Happy Anniversary to everyone who ever loved.

Beware there is mush and sentimental love on this blog, its been a year  and one week since I got married to the man I have loved for over 16 years. I could not be happier that I met this wonderful man again and that we fell in love.

Typically myself and the hubby were working on the actual anniversary at The Green Festival here in Peterborough’s City centre and as part of that we were running fete games, organising and generally being mad busy. I was also asked by Blok Collective to re-imagine an old bike that was sited in the centre and relates to the Green’s festival theme this year of sustainable transport and I decided that I would cover mine in a hundred birds to symbolise true love, with a thousand words of love poetry dedicated to the man I love.  Some of the birds have original work by myself that is inspired by my love and then there are quotes from greater minds than mine who we have a relationship with, so George Harrison’s lyrics which are a constant prayer in our house to the wise words of E.M Forster who I think may have written about me over a 100 years ago has his heroine Lucy Honeychurch and like Lucy in Room with a View, I found my very own George Emerson.


I do hope if your Peterborough for the next week, that you might pop down and take a look and please see some pictures below:



photo (1)


photo (2)




I also dedicate the following little ditty to him too and a  big thanks to my bubba Vincent Wieckowski  for playing on this and being such a pleasure to work with.






The Ballad for Peterborough

I am swept up in the city I live in and its history, aspirations and feelings in every part of my life, in my family, friends and the projects that I work on.  I am producing on two seemingly separate projects by art form and commission yet both of them overlap in the ways they are representing this place that I think is my muse.

The first project and my main day job is with Eastern Angles Theatre co, who have been producing regional tours in the east region for over 30 yrs and have been working in Peterborough for the last five years and the latest production is a culmination of a huge archiving and oral history project called 40 years On, which charted the city’s changes since 1968. The play is called River Lane and it is sewn together with over 70 local community performers, costumers and volunteers. Tony Ramsey the writer has pieced together a time capsule of bendy decades that stretch beautifully. Also to top it off with a cherry its staged in a pop up theatre space in one of the newest places in Peterborough, Hampton and Serpentine Green.    https://www.easternangles.co.uk/


The second project is being lead by Blok Collective with their partners Paper Rhino and they have been commissioned to use public and visual art to re- imagine the  1000 square meters of wall space of the Cowgate Underpass which is a major gateway to the city. As part of the development for the artwork, the project teams interviewed artists, historians and key people within Peterborough and starting to weave a tapestry of stories, legends and colour that again bends time and perceptions. At the moment there is an exhibition of art from the project in the city gallery of Peterborough Museum and as part of this I wanted to write a poem inspired by the research and when I started to write I was surprised by the overlaps between the two different commissions.  This new poem will also hopefully feature in the exhibition form the 16th of May till the 25th of May. http://www.blokcollective.co.uk/wordpress/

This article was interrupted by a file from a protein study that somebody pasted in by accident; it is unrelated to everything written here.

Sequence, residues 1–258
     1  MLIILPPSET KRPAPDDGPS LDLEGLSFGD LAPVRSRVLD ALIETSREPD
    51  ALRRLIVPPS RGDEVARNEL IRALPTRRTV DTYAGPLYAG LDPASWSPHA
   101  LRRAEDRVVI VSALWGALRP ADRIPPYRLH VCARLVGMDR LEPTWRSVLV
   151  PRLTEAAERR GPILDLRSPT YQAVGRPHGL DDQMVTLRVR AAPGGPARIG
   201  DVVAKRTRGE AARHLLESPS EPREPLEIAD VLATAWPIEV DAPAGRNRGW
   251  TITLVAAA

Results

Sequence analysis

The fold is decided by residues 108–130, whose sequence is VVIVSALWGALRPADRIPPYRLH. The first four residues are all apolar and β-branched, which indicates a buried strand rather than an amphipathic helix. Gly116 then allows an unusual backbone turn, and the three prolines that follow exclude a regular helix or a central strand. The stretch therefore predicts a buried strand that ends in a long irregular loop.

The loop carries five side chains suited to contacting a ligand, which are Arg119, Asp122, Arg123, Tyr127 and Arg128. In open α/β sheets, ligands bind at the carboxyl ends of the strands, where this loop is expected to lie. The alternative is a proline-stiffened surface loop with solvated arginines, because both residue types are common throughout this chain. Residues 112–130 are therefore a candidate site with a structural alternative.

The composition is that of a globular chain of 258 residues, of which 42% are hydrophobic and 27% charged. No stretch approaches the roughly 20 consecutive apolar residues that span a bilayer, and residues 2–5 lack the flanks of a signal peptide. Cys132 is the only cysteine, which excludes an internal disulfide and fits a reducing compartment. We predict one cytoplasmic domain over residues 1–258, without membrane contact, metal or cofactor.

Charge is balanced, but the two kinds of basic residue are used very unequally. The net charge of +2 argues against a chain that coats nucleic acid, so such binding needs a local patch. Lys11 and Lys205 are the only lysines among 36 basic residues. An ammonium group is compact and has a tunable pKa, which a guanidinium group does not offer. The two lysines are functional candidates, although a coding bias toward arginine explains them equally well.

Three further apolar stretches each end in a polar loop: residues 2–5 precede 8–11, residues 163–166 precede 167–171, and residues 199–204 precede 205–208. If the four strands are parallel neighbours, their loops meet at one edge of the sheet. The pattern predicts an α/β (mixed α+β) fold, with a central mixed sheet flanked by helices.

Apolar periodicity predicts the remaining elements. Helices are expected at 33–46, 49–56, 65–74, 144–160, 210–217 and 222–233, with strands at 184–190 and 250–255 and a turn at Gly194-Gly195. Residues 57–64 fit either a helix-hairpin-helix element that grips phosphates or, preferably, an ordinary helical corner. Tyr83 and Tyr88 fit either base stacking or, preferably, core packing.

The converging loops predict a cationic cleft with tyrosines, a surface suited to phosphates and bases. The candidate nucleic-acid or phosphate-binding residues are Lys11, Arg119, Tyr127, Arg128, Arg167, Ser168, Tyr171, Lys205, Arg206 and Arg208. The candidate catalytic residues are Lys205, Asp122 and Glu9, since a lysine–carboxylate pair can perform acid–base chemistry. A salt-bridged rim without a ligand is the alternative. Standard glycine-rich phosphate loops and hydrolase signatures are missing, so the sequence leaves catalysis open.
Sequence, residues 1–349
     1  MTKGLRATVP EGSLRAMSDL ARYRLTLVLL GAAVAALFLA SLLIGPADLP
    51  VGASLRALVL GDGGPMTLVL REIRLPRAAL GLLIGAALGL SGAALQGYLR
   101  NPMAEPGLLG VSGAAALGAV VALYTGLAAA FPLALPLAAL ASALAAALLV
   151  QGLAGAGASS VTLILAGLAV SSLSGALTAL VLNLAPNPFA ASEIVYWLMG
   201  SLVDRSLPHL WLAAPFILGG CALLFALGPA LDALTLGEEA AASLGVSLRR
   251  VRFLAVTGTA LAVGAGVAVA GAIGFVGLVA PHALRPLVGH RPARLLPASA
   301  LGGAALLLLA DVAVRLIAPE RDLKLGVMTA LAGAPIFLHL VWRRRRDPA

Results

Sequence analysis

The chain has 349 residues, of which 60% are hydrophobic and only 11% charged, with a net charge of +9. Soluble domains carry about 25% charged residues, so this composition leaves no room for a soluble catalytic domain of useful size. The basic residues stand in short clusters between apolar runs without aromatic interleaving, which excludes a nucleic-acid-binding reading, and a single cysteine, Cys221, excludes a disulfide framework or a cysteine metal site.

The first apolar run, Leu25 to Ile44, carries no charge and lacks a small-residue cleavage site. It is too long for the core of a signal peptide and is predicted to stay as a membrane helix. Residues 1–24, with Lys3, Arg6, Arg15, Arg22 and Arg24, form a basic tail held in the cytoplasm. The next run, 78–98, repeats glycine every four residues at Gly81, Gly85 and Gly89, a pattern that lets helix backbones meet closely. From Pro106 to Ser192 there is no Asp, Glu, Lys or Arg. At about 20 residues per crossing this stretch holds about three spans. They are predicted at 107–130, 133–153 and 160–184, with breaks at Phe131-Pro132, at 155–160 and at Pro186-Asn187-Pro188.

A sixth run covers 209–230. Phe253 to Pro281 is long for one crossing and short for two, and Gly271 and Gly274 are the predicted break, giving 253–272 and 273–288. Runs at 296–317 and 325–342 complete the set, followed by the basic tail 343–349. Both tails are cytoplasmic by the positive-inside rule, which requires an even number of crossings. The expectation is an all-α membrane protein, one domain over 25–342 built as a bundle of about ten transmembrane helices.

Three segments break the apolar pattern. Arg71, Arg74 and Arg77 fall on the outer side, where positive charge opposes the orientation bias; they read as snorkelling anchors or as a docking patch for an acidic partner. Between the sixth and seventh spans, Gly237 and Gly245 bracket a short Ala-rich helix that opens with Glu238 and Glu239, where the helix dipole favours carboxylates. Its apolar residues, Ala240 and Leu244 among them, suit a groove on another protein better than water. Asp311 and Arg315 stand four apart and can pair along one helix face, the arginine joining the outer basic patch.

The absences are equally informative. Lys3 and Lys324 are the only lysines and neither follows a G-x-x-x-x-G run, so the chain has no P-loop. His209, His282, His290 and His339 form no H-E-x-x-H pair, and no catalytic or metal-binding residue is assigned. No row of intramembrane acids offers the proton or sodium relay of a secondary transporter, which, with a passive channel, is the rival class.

The poem is based on a famous poem by Adrian Henri and not only do I love the original but I realised that without this strange place that sometimes kicks me in the teeth, I would be nothing and no where near the Keely I kind of like.

Please take a look and let me know what you think, by the way there is some personal references which friends and family may recgonise.


The Ballad for Peterborough


Without you there would be no John Clare declaring what I am, whilst riding a flaming wagon of political fire into Whsmith’s.

Without you the Roman ninth legion would have never got wet in the fountains and then lost in the upstairs of the Guildhall.

Without you drunk, lusty dancers forget how to shuffle in the mystery of Flag Fen to Len Boone’s, Love won’t be denied.

Without you lasers could never cut shapes of the front of the Cathedral into George Alcock’s naked eyes that later became star maps.

Without you no one would dare Walter Cornelius to push a pea with his nose between burial mounds of lions and whales.

Without you gravediggers called Scarlett, live forever young and only bury goldfish instead of two Queens.

Without you the oldest boats ever found, stay underwater like the Sage family from Gladstone street in their final kiss upon that one unsinkable ship.

Without you there are no onions made of glass that were grown in the grass roots of muddy paint brushes and late night myth

Without you the barn owls on Whittlesey wash tut at Sir Harry Smith’s shame in amongs’t the ash of the burning USA.

Without you pimples could have never turned into the world’s first mini-roundabout, instead they stay on the faces of punks in the bus station.

Without you building houses of love that burn in its clay, quarries would sit unused, silently humming that love is inevitable.

Without you and your fastest growing hopes and noble green backyards there will be no Peter’s or boroughs to sing too.


By Keely Mills


Beltane/ April 30th 2014